Why this MSP Sourcebook?
Managing water requires partnership, which can come in many forms. Yet too often, the mechanics of these partnerships and the hard lessons learned from them are not captured and shared. Many resources contain guidance on how to manage partnerships, and specifically multi-stakeholder platforms or partnerships (MSPs), but there are unique challenges to managing partnerships for water. This book is for practitioners; it seeks to fill a gap in knowledge for people who are forming, managing, or participating in MSPs working on water.
The role of the Global Water Partnership.
The Global Water Partnership (GWP) is a network of 3,000+ partner organisations in 169 countries. GWP is all about MSPs: it consists of dozens of layered and interrelated MSPs, of many different sizes, types, and levels of formality. GWP also participates in – and facilitates the formation and operation of – other MSPs. As such, the GWP network comprises hundreds of minds with valuable MSP expertise, and who have worked on every aspect of partnerships for water. This sourcebook seeks to bring forth lessons from that work, as well as offer practical insights for those working with MSPs in the water domain.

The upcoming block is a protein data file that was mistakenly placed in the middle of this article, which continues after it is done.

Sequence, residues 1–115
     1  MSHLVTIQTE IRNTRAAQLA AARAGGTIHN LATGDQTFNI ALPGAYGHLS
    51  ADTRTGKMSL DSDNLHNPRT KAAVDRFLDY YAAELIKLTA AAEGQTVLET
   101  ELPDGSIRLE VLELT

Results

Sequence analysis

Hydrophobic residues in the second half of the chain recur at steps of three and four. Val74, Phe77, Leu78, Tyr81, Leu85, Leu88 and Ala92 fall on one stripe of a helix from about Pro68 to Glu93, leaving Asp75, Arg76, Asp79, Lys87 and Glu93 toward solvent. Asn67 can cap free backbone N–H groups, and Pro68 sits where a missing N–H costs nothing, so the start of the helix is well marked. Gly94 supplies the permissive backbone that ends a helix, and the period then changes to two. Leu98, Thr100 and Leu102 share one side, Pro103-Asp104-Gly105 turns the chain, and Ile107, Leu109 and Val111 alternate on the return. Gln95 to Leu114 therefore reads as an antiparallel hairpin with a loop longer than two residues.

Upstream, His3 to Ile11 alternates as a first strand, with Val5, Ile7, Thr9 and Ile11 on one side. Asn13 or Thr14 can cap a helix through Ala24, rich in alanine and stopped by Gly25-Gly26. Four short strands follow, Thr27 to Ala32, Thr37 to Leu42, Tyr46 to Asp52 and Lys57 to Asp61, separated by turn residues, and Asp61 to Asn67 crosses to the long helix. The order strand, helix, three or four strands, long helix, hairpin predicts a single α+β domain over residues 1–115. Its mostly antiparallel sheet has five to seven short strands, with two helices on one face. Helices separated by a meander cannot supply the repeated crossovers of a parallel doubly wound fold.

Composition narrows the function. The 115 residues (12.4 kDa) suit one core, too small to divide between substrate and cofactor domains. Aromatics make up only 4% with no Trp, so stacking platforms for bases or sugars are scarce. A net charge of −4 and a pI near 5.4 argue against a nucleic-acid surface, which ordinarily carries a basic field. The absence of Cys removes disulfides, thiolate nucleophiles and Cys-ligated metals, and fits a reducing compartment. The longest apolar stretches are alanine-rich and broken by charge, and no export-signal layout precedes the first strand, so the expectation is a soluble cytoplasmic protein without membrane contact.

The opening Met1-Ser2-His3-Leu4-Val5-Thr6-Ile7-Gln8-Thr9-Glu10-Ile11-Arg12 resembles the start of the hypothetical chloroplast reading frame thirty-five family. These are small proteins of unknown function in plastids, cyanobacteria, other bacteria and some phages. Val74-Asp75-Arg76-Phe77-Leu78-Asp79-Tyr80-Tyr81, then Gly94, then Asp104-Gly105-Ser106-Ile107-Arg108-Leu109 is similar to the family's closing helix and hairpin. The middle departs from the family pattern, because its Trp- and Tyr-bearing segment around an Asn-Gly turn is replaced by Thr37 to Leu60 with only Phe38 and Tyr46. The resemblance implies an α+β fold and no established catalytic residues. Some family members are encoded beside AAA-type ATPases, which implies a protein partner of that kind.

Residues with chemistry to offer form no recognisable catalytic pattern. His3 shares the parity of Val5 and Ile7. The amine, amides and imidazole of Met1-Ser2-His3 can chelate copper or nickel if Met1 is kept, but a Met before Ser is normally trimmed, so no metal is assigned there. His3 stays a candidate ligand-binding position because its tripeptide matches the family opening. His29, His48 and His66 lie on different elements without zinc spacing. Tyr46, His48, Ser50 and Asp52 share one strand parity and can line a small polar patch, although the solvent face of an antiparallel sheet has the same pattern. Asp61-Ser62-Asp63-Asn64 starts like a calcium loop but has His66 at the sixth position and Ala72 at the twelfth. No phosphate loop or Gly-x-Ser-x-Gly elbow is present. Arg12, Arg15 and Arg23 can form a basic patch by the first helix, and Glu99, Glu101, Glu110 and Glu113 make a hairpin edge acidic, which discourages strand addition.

Purpose of the MSP Sourcebook.
This book is a practical guide for those seeking to establish and strengthen MSPs as a means of catalysing action to achieve more sustainable water management.
Who is the MSP Sourcebook for?
This MSP Sourcebook particularly pertains to:
● Practitioners: Maybe you want to start a partnership for water. Maybe you have joined one, or want an existing one to work better. We have designed this sourcebook around key questions that might arise for you.
● Decision-makers: Governments are increasingly benefiting from MSPs in pursuit of water-related goals. This sourcebook can serve as a series of checklists and best practices for existing or new partnerships in which your government or institution is engaged.
● Academia: A great deal of knowledge is still lacking around what makes partnerships for water work, and the measurable impacts of working in partnership. We hope this book can lay out some of the knowledge and typologies for researchers, students, and others looking to enrich our shared knowledge base.